While most people avoid swearing at work, letting a curse word fly from time to time does have a few advantages.
There are a few ways cursing helps:
You can vent without punching anyone.
It can boost your pain tolerance.
It can help you bond with your colleagues.
On the flip side, there are many good reasons to speak carefully to your colleagues and customers:
You can look unprofessional if you don’t time your cursing right.
You’ll damage your message if the audience is skeptical.
You could get sued if you create a hostile work environment.
The bad news if you’re managing a call center is that customers who curse will be on the line much longer than people who don’t use profanity.
CallMiner analyzed 82 million calls to measure the impact of foul-mouthed customers. Obviously, profanity creates a terrible work environment for customer service reps. The other problem is that these calls tend to last longer–up to 8.3 minutes more than calls with polite people. Polite conversations last about 5 minutes, but the cursing callers go on for about 14 minutes.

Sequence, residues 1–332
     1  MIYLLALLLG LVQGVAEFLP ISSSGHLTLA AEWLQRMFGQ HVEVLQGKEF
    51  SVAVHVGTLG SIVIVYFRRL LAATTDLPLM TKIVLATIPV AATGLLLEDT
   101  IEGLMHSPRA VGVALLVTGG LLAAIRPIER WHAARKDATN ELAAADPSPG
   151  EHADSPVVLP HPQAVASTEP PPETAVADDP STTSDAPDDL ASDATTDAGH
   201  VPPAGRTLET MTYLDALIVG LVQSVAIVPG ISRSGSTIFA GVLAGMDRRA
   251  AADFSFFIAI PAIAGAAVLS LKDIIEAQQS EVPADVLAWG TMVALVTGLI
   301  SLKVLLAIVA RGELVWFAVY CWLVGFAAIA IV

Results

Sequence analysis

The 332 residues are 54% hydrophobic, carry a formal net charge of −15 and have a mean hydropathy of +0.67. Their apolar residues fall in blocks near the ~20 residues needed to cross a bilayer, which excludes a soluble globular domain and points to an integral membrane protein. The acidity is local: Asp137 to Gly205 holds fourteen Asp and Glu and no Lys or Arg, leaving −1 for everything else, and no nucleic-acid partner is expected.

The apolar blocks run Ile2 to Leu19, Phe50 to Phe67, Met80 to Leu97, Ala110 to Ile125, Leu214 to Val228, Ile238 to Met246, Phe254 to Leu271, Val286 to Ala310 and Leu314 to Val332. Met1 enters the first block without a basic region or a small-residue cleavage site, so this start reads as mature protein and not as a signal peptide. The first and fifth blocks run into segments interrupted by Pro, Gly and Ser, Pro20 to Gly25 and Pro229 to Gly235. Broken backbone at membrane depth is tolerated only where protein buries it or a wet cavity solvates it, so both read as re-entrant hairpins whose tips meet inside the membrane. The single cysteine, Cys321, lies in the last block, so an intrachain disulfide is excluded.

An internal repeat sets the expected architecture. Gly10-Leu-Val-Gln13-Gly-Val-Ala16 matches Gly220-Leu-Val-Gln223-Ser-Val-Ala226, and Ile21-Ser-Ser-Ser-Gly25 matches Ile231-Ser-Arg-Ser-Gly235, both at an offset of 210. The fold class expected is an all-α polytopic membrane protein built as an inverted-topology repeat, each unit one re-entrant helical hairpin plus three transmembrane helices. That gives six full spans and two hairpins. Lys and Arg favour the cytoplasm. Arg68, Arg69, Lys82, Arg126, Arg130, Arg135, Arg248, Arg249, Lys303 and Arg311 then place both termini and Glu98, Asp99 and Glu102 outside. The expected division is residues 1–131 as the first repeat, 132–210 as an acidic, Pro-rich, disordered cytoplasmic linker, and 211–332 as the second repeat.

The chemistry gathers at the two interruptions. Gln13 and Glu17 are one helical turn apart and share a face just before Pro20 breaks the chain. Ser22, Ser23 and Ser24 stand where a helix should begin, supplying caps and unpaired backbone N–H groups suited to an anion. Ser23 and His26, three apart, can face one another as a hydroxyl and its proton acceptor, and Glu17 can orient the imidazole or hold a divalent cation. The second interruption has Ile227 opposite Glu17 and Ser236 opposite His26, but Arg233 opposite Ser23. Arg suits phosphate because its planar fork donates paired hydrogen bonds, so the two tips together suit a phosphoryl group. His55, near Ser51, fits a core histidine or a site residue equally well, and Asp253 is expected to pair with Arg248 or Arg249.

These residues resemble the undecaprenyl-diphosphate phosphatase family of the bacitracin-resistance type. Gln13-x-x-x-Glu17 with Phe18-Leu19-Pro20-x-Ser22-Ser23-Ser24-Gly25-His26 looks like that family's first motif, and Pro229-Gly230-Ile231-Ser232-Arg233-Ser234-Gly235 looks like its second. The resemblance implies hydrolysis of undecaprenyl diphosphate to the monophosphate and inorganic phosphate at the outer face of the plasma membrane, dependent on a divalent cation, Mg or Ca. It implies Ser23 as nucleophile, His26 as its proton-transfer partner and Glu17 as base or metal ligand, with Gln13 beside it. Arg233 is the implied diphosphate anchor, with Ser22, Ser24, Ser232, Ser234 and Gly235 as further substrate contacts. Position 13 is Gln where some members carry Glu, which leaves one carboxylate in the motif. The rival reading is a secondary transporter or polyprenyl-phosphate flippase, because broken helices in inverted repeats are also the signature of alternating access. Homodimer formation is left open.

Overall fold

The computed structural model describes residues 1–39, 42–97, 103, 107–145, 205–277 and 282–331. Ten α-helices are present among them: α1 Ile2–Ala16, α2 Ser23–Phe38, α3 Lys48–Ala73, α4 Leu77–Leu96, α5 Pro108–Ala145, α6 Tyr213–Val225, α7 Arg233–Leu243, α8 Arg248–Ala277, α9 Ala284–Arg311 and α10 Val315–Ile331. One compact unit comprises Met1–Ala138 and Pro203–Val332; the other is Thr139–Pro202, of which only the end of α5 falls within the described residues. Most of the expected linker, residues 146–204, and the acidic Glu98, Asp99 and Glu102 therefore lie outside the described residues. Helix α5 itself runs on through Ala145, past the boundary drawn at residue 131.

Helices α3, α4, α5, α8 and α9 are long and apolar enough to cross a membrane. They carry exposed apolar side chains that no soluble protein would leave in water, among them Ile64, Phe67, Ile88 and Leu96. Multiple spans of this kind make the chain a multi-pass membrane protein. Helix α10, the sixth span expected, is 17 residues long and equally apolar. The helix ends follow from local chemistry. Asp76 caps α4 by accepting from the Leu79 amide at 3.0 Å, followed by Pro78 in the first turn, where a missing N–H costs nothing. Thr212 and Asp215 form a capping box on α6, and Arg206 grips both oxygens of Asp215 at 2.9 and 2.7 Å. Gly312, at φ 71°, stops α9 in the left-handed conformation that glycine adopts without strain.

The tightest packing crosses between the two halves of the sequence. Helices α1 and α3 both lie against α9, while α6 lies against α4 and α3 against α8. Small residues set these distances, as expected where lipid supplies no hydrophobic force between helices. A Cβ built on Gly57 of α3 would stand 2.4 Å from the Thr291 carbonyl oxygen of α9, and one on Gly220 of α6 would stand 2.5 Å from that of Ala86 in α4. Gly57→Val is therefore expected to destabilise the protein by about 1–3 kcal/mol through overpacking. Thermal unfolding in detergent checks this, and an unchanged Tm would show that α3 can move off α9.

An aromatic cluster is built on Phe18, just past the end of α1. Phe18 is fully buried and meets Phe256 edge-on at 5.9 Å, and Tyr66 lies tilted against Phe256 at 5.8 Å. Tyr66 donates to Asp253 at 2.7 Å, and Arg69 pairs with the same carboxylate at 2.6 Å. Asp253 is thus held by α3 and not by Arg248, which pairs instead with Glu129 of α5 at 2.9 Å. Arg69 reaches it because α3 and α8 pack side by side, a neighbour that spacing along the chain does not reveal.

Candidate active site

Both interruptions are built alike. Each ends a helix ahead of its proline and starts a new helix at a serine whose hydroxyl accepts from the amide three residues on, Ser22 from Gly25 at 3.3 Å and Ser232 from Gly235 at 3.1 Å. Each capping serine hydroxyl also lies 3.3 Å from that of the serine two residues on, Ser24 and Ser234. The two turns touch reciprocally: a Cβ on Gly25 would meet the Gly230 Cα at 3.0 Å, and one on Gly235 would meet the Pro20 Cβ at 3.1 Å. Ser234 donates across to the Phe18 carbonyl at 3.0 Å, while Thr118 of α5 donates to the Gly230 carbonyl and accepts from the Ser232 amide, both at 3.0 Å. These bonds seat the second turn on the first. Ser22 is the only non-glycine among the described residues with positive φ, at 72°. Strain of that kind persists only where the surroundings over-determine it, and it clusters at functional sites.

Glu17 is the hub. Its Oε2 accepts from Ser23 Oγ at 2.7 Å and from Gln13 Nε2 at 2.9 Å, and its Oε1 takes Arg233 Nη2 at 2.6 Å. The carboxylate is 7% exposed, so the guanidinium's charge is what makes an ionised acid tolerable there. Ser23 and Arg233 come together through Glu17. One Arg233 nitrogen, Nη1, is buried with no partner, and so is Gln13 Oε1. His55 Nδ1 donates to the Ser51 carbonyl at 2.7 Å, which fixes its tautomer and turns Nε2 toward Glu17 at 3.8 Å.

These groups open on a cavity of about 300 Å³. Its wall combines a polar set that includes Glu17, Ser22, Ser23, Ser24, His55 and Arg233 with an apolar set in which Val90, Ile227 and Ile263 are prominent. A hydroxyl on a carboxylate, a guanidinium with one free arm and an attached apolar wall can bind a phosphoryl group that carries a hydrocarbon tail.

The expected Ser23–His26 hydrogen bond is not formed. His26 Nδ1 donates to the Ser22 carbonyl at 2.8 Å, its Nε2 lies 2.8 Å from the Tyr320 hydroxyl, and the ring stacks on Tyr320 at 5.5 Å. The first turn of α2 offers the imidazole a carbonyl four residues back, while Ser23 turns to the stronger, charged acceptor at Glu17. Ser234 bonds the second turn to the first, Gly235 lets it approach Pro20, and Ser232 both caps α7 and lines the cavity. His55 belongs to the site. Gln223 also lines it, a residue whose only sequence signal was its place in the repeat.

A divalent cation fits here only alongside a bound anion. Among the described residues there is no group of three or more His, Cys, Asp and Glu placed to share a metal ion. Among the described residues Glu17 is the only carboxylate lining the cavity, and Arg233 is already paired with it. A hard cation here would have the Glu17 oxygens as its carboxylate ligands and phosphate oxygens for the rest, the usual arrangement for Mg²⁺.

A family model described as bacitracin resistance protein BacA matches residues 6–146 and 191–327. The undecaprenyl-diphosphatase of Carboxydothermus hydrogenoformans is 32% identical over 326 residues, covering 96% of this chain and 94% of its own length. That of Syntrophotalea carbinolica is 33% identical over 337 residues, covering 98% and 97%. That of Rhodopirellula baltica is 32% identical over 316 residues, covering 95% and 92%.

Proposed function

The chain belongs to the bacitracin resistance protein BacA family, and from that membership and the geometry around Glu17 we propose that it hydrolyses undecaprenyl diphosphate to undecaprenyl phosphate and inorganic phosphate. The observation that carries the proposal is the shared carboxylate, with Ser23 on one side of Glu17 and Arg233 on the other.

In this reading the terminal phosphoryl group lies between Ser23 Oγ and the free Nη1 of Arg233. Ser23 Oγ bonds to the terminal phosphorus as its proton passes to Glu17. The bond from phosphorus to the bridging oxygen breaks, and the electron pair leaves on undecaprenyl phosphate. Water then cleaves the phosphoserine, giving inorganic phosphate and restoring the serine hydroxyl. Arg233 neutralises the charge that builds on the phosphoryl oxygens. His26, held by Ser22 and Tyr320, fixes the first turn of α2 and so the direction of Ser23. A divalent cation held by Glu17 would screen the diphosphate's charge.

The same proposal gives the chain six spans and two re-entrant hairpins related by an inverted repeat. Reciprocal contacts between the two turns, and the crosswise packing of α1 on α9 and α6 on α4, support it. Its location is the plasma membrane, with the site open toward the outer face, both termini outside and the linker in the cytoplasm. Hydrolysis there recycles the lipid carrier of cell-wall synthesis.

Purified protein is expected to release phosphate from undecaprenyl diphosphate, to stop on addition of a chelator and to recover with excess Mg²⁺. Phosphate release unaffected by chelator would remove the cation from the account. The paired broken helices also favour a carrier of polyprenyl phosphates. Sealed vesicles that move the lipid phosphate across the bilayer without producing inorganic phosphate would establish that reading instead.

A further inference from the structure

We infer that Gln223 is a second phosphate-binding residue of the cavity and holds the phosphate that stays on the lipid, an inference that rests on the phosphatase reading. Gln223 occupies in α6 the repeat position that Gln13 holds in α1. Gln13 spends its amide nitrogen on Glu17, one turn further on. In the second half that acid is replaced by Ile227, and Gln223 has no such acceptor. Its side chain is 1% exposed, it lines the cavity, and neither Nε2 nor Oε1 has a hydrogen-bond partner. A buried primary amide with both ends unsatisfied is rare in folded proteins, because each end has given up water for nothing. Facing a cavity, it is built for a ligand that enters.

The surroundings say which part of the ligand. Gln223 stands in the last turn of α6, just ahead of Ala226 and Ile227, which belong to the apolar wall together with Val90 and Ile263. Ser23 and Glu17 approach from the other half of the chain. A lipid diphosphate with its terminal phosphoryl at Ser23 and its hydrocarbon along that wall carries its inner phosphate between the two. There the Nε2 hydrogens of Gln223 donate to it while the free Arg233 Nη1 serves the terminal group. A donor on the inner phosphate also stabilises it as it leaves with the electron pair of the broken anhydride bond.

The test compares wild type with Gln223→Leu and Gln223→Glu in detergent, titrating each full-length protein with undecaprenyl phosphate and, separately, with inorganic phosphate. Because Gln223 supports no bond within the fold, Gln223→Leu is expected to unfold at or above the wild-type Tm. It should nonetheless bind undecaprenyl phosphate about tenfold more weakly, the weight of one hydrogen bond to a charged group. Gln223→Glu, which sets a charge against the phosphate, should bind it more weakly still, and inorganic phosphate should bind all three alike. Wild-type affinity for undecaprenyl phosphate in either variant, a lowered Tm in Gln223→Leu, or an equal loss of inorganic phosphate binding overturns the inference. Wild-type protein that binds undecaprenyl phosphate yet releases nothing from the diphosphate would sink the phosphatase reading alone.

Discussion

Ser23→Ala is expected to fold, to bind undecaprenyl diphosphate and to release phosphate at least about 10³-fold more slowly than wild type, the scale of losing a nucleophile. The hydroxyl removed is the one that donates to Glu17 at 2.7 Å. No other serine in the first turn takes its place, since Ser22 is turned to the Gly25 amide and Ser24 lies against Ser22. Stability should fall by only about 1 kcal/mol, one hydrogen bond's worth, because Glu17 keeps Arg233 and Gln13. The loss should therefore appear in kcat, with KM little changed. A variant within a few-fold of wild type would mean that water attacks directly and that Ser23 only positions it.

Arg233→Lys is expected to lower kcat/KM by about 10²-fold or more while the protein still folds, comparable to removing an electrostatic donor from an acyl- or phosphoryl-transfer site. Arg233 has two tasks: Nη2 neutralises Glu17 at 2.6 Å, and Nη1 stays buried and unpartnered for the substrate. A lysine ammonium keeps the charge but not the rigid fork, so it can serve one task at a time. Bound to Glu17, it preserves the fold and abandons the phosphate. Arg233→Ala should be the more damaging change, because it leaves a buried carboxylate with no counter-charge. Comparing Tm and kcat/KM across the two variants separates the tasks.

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CallMiner’s Eureka platform uses artificial intelligence and machine learning to analyze customer interactions across all channels and draw conclusions. This analysis found that forcing customer service reps to use a script is part of the problem: “When contact center agents rely on scripts, they tend to ask questions with no relevance to the current situation, further irritating the customer.”
Customer service reps should be trained to deal with callers who yell, but they also should know when people have crossed a line. At that point, Marketing Daily Advisor suggests thinking about how to save the relationship:
“While some people have bad tempers, generally, by the time a person is screaming at your service reps, the relationship is in peril. How have you failed? Look at the situation to determine whether a refund is appropriate or whether escalating the situation to a manager with more authority can bring a peaceful resolution.”
Consumer communication company LivePerson analyzed millions of conversations across more than 500 brands to understand how people talk with customer support reps. The 2017 study also found that customers were most polite with the pharmaceutical, consulting, banking, energy, and financial services industries. Customers were more likely to be rude when calling telco, transportation, consumer products, and hospitality companies as well as charities and non-profits. Unsurprisingly, when a person’s name was attached to the exchange, the individual was more likely to be polite.